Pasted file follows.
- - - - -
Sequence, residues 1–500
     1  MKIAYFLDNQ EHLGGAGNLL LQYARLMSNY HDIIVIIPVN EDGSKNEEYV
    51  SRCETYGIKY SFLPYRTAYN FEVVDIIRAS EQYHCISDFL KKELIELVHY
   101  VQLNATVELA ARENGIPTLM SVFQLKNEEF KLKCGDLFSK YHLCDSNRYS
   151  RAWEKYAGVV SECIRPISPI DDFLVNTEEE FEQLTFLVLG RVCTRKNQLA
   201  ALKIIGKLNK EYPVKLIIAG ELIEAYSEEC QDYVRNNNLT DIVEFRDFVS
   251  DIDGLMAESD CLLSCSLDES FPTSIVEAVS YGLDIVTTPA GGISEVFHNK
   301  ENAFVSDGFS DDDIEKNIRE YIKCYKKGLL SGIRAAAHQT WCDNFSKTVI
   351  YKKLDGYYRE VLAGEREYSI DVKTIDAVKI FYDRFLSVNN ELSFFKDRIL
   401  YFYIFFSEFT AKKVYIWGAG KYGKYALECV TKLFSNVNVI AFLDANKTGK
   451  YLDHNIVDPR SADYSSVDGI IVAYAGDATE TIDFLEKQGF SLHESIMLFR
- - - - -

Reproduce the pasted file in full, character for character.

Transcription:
Sequence, residues 1–500
     1  MKIAYFLDNQ EHLGGAGNLL LQYARLMSNY HDIIVIIPVN EDGSKNEEYV
    51  SRCETYGIKY SFLPYRTAYN FEVVDIIRAS EQYHCISDFL KKELIELVHY
   101  VQLNATVELA ARENGIPTLM SVFQLKNEEF KLKCGDLFSK YHLCDSNRYS
   151  RAWEKYAGVV SECIRPISPI DDFLVNTEEE FEQLTFLVLG RVCTRKNQLA
   201  ALKIIGKLNK EYPVKLIIAG ELIEAYSEEC QDYVRNNNLT DIVEFRDFVS
   251  DIDGLMAESD CLLSCSLDES FPTSIVEAVS YGLDIVTTPA GGISEVFHNK
   301  ENAFVSDGFS DDDIEKNIRE YIKCYKKGLL SGIRAAAHQT WCDNFSKTVI
   351  YKKLDGYYRE VLAGEREYSI DVKTIDAVKI FYDRFLSVNN ELSFFKDRIL
   401  YFYIFFSEFT AKKVYIWGAG KYGKYALECV TKLFSNVNVI AFLDANKTGK
   451  YLDHNIVDPR SADYSSVDGI IVAYAGDATE TIDFLEKQGF SLHESIMLFR